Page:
Restoring faith in government starts with attitude change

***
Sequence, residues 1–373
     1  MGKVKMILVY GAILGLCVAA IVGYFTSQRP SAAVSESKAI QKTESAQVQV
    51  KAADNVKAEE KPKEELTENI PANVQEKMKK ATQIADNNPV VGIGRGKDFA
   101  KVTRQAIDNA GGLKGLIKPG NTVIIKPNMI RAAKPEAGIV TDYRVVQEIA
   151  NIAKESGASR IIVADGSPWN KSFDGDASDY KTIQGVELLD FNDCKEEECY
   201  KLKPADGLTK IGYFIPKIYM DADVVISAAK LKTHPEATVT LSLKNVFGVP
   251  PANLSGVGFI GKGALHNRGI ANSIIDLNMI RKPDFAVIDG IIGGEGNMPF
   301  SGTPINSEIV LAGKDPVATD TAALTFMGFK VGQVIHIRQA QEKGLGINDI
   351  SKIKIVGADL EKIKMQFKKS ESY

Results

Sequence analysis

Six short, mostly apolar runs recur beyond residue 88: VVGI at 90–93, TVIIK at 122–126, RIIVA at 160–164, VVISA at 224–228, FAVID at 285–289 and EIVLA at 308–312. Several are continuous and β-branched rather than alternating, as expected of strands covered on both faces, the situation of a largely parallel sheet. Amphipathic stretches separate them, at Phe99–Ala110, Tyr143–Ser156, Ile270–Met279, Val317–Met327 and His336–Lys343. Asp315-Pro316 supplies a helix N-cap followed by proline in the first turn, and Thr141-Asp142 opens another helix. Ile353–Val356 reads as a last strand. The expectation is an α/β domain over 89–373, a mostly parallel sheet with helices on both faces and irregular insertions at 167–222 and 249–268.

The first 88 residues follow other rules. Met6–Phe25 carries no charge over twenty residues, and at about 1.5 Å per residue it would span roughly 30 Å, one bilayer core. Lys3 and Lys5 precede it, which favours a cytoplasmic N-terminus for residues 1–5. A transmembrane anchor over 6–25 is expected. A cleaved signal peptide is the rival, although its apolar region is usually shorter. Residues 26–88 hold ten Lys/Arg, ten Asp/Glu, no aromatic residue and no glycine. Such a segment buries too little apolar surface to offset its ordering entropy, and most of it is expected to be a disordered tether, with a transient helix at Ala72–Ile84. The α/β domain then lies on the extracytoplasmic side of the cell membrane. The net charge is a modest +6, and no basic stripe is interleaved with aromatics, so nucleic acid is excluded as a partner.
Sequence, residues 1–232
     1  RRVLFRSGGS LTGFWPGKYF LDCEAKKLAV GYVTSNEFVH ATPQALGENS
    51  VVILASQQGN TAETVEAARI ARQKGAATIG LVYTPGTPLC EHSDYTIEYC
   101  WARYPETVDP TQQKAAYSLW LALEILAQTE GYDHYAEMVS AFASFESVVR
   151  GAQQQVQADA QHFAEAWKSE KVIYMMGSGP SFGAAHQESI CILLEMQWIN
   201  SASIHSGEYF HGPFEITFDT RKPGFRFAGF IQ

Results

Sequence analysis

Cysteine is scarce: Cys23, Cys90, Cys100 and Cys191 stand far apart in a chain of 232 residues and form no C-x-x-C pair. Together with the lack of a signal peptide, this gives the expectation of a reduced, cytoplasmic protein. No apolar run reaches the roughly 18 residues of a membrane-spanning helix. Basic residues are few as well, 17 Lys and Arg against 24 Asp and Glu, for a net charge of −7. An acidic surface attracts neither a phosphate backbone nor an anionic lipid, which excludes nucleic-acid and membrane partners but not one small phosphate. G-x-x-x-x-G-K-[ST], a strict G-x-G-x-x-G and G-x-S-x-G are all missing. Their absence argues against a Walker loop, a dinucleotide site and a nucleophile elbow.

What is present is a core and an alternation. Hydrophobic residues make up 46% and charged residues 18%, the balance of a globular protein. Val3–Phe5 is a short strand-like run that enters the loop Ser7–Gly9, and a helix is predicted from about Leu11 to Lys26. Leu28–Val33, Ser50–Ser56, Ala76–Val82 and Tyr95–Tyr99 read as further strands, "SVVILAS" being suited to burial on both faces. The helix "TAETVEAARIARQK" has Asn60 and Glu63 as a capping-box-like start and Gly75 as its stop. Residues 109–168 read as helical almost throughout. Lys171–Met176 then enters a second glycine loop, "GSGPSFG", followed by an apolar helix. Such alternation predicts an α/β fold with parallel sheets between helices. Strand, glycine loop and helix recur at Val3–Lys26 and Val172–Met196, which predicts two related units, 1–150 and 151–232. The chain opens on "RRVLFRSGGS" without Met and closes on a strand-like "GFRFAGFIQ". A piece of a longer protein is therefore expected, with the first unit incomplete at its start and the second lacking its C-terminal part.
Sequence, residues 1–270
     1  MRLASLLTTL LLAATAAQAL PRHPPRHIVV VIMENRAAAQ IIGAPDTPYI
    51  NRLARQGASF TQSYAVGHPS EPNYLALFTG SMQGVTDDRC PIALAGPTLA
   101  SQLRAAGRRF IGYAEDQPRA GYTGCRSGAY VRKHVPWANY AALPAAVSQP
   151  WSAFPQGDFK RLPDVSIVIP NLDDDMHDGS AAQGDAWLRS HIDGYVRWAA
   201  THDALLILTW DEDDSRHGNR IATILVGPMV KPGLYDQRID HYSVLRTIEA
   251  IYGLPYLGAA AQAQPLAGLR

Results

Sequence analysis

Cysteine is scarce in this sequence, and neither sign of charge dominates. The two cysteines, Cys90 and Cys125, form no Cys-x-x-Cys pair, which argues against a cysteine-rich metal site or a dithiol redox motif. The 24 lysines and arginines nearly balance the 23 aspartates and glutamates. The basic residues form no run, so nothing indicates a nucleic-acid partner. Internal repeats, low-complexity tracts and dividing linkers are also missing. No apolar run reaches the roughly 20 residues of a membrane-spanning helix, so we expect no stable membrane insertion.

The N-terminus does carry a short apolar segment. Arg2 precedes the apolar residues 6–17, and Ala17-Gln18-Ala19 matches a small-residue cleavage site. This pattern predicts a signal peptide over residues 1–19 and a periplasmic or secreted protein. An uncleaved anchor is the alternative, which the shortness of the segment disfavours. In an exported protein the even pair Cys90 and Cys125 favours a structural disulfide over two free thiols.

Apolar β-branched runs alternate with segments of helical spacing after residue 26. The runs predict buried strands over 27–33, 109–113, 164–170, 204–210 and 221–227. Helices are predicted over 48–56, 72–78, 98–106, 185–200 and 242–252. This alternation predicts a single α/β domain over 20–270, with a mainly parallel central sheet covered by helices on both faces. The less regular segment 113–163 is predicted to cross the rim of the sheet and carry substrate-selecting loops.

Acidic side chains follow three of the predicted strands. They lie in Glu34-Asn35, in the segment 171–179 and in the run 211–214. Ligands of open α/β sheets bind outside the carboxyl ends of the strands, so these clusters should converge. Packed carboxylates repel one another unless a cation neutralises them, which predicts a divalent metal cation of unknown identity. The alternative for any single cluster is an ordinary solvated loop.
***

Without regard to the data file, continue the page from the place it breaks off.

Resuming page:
The guest speaker at last week’s Pennsylvania Economy League meeting here, David Thornburgh, CEO of the Committee of Seventy in Philadelphia, addressed an appropriate topic – political polarization. In a presidential election season stamped with ugliness at every turn, Thornburgh’s observations were instructive. He said it’s hard to get millenials to come on board and have faith in our political process when they have no experience in their lifetime of collaboration in their government. It’s equally hard to expect them to be active participants in government when 50 percent of them are independent and the state’s primary election system is closed, shutting them out of voting. A good place to start in restoring trust might be to take Thornburgh’s suggestion and make Pennsylvania’s primaries open elections, meaning registered independents – 43 percent of the electorate – can participate. In this age of increasingly independent voting numbers, the closed primary strikes us as archaic. But actions by elected officials create or destroy the willingness of regular people to participate in the democracy. While political divisions are part of our system, how those divisions are handled publicly creates our image of government. Right now, that image is quite ugly and depressing, leaving people to throw up their hands and wonder whether it matters who is elected. But it does matter. With all our divisions and warts, we still are part of the greatest democracy ever created. Difficult as it may be, people need to have some faith in a system that has stood the test of time over almost two and a half centuries. But the stewards of that system – elected officials – have to start conducting business in a way that illustrates what the founders had in mind. Too often these days, elected officials promote negative attitudes about the system they oversee by resolting to the politics of ugly power grabs rather than the productive exchanging of ideas with an open mind. An attitude change by them would help.